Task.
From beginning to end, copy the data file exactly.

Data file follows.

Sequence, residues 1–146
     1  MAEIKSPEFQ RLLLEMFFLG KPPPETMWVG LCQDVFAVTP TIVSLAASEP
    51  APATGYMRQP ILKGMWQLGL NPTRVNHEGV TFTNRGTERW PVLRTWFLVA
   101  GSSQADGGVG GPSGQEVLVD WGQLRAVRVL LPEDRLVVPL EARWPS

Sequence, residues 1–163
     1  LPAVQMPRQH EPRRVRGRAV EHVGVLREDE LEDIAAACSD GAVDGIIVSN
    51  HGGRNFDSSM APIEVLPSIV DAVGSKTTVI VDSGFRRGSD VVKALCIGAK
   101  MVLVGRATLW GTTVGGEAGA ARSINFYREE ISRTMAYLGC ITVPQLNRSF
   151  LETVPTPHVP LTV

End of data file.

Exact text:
Sequence, residues 1–146
     1  MAEIKSPEFQ RLLLEMFFLG KPPPETMWVG LCQDVFAVTP TIVSLAASEP
    51  APATGYMRQP ILKGMWQLGL NPTRVNHEGV TFTNRGTERW PVLRTWFLVA
   101  GSSQADGGVG GPSGQEVLVD WGQLRAVRVL LPEDRLVVPL EARWPS

Sequence, residues 1–163
     1  LPAVQMPRQH EPRRVRGRAV EHVGVLREDE LEDIAAACSD GAVDGIIVSN
    51  HGGRNFDSSM APIEVLPSIV DAVGSKTTVI VDSGFRRGSD VVKALCIGAK
   101  MVLVGRATLW GTTVGGEAGA ARSINFYREE ISRTMAYLGC ITVPQLNRSF
   151  LETVPTPHVP LTV